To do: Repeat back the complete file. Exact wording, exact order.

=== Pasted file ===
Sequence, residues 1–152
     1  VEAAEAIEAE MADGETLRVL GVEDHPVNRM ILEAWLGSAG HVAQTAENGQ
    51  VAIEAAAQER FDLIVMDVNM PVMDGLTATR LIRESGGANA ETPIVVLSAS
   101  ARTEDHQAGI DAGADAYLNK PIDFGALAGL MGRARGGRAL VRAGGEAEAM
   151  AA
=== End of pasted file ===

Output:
Sequence, residues 1–152
     1  VEAAEAIEAE MADGETLRVL GVEDHPVNRM ILEAWLGSAG HVAQTAENGQ
    51  VAIEAAAQER FDLIVMDVNM PVMDGLTATR LIRESGGANA ETPIVVLSAS
   101  ARTEDHQAGI DAGADAYLNK PIDFGALAGL MGRARGGRAL VRAGGEAEAM
   151  AA